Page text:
"Violent Temper." The Northern papers speak of the noble Jackson, who slew the ruffian Ellsworth, as a man of "violent temper," leaving it to be inferred that his mode of meeting the invader will prove an exceptional one. This is a delusion which can only be corrected by making a series of experiments upon the Confederate Flag. Mr. Jackson, as all who know him will testify, was one of the most amiable and exemplary of gentlemen, and his "violent temper" the stern spirit of a freeman, wh the noble Jackson, who slew the ruffian Ellsworth, as a man of "violent temper," leaving it to be inferred that his mode of meeting the invader will prove an exceptional one. This is a delusion which can only be corrected by making a series of experiments upon the Confederate Flag. Mr. Jackson, as all who know him will testify, was one of the most amiable and exemplary of gentlemen, and his "violent temper" the stern spirit of a freeman, which animates every soldier upon the Southern soil.
h of May, 1861. Acting Midshipman James C. Long, from the 15th of May, 1861. Acting Midshipman J. M. Spencer, from the 21st of April, 1861. Acting Midshipman James E. Fiske, from the 16th of April, 1861. Acting Midshipman Charles K. King, Jr., from the 20th of April, 1861. Acting Midshipman R. S. Floyd, from the 20th of April, 1861. Acting Midshipman Daniel Trigg, from the 20th of April, 1861. Acting Midshipman M. M. Benton, from the 20th of April, 1861. Acting Midshipman W. C. Jackson, from the 20th of April, 1861. Acting Midshipman R. A. Camm, from the 20th of April, 1861. Acting Midshipman F. L. Chew, from the 20th of April, 1861. Acting Midshipman J. S. Claybrook, from the 20th of April, 1861. Acting Midshipman A. P. Bevine, from the 20th of April, 1861. Acting Midshipman H. C. Holt, from the 20th of April, 1861. Acting Midshipman Daniel Carroll, from the 20th of April, 1861. Acting Midshipman Wm. C. Hutter, from the 20th of April, 18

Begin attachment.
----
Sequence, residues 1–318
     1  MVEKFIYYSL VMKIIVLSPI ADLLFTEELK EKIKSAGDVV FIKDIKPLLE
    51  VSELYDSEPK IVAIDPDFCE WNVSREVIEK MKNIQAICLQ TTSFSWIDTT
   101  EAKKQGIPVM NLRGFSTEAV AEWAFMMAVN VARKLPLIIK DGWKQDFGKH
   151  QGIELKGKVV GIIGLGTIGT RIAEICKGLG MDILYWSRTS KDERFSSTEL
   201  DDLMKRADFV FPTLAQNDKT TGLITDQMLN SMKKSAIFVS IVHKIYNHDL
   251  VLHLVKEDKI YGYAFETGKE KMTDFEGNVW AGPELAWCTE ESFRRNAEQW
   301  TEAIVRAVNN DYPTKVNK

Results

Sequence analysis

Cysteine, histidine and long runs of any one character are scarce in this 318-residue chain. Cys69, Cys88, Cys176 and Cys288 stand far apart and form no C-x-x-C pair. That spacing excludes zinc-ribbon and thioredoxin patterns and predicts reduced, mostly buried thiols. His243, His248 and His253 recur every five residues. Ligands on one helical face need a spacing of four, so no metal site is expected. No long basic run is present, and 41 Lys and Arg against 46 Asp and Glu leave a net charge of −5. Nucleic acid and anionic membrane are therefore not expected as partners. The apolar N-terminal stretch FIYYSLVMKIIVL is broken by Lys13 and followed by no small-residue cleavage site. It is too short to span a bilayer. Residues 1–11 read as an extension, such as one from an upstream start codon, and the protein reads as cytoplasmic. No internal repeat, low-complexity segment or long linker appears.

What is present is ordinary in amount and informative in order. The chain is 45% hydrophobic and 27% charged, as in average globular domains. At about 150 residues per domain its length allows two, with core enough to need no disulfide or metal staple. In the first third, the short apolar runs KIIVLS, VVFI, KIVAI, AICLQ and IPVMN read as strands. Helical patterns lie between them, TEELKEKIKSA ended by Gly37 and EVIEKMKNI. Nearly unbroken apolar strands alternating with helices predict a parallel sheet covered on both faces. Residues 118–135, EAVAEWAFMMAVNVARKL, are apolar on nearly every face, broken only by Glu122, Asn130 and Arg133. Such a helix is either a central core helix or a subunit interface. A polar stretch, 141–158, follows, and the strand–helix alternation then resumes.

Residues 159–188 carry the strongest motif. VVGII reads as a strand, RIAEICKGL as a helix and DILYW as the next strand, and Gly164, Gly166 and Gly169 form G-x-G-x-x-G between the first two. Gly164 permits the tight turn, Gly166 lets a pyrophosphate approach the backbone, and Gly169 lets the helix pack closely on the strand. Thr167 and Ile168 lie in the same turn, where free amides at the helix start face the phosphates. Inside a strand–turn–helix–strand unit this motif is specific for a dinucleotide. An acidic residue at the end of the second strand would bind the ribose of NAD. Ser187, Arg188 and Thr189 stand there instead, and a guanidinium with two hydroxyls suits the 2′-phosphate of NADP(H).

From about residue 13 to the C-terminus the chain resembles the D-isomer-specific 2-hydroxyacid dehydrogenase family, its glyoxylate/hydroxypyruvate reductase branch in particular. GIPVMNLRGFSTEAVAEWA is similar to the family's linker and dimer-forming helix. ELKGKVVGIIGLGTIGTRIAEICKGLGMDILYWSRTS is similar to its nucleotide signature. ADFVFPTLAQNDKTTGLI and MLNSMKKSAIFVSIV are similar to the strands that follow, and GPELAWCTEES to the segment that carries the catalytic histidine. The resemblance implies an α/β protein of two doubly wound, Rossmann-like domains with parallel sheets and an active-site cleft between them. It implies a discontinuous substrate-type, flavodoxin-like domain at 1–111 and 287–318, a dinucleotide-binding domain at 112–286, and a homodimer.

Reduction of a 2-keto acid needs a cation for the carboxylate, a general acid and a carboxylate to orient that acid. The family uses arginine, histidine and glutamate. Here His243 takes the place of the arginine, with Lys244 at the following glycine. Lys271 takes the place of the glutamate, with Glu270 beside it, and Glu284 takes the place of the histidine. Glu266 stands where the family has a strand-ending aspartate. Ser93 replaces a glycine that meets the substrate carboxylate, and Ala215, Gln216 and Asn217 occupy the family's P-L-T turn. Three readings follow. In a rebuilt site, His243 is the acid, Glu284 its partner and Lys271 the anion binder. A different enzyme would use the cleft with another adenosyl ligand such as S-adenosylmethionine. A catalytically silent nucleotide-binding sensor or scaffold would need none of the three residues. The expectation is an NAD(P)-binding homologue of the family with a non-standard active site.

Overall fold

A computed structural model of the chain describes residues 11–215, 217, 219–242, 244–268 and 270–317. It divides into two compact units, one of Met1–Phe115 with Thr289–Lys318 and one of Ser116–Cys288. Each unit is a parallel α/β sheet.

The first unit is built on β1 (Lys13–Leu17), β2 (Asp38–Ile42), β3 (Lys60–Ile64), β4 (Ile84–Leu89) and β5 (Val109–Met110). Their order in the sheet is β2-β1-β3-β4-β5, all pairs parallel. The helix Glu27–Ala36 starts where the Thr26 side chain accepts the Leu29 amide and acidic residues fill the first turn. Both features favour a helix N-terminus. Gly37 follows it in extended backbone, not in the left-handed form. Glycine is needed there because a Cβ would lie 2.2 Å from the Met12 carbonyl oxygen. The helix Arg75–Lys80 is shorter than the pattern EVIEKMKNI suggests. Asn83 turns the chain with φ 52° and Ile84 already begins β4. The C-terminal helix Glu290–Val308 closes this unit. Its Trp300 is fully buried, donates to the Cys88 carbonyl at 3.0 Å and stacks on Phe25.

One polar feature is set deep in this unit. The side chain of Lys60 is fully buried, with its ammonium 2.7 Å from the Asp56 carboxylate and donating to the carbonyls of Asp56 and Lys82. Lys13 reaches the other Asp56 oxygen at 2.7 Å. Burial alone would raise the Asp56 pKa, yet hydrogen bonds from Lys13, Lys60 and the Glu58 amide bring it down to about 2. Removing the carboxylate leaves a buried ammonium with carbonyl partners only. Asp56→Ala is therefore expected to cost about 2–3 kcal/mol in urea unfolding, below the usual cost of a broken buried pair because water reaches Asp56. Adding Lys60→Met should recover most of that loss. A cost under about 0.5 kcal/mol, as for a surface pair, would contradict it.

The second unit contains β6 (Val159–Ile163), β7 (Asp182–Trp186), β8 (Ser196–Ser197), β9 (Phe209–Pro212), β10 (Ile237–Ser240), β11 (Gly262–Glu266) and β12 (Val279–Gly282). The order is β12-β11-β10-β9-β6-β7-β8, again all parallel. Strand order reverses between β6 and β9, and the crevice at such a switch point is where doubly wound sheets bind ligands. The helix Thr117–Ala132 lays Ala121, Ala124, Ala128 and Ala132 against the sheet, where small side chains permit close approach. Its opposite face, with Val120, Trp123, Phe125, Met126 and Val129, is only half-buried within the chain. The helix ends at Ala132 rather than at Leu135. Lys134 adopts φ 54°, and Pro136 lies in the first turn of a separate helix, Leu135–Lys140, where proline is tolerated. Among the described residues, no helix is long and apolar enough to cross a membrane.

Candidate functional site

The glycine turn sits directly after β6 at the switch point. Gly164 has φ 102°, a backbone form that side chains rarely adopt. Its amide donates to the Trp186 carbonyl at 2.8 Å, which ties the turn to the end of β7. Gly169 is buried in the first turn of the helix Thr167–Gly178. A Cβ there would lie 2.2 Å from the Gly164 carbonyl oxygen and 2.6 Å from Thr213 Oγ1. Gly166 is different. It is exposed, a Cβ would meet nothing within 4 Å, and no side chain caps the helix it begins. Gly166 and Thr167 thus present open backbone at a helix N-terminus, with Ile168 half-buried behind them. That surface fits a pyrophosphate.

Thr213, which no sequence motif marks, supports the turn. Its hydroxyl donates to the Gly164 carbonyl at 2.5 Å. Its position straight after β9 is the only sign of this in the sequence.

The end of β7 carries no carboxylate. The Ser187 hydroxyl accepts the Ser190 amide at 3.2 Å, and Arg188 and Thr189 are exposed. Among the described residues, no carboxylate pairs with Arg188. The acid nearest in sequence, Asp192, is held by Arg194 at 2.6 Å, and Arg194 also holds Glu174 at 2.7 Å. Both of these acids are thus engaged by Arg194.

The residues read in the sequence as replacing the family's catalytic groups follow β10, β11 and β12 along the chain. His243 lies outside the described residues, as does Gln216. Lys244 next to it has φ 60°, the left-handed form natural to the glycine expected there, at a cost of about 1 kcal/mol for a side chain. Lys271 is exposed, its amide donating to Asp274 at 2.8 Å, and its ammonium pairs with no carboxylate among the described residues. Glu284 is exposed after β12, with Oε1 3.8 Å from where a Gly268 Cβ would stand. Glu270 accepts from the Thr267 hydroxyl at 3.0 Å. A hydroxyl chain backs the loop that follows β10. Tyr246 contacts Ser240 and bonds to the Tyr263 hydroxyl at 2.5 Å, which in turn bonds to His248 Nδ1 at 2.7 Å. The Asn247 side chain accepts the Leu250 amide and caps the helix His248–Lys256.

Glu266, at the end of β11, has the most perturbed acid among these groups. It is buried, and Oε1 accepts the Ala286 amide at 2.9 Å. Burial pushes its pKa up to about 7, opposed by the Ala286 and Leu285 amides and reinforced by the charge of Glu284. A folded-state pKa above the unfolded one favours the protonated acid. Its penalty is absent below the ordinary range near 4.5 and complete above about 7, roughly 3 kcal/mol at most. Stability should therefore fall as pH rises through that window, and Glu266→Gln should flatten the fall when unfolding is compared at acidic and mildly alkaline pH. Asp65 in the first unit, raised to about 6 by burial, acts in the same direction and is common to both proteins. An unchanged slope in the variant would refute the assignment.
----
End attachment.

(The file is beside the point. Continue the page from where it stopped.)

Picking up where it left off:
Mobile Blockaded-subscription for Jackson's family. Mobile. May 27. --A U. S. war steamer commenced the blockade of our harbor yesterday morning. Fort Morgan welcomed the steamer by displaying the U. S. flag with Union down from the same staff with the Confederate flag, and under the latter. A subscription has been opened here for the benefit of the family of Jackson, the Alexandria landlord, who killed Ellsworth. The amount has reached a thousand dollars.
he laws of war by the North, there shall be instant retribution as near in kind as possible by the Southern Government. The war began in a spirit and with declarations that would have warranted the South at the start in hanging out the black flag, and in neither giving nor asking quarter. The infernal beastliness openly proclaimed in the streets of New York and the bellish cruelties threatened by the Yankee Congress warranted such a resistance on the part of the South as that to which Jackson sounded the key note when he shot down Ellsworth in Alexandria. The Grand Army scathe to Manassas with handcuffs and halters, and, if they had succeeded in that battle, the citizens of Richmond and of all Virginia would soon have understood the purposes for which those instruments were intended. It is true that sobered by defeat, they have since that time disclaimed sundry brutalities, so shockingly beastly that the whole world cried out against them, but have they ever relinquished their
a stock. He is of the Kentucky Pope family, which emigrated from Virginia. It may be all the more grateful to the malignant Government at Washington in ordering him to Virginia, that this officer is thus descended. But the fact will, if it have any effect at all, only nerve the arm of our gallant and true Southern men to strike the surer and heavier blow when they meet him. General Pope commanded in Northern Missouri, and was more distinguished for his severity and tyranny towards those who fell in his power than for generalship. Lincoln possibly thinks these traits amongst the highest military attributes, and selects him to conquer Virginia. The Northern press say he is the man to meet Jackson. Well Stearwall will be glad to give the last grand commander with "three divisions" a chance for "existence" He has wound up the fame of no less than four Generals in the Valley, and, as misery loves company, he is prepared to comfort them by sending another to herd with them.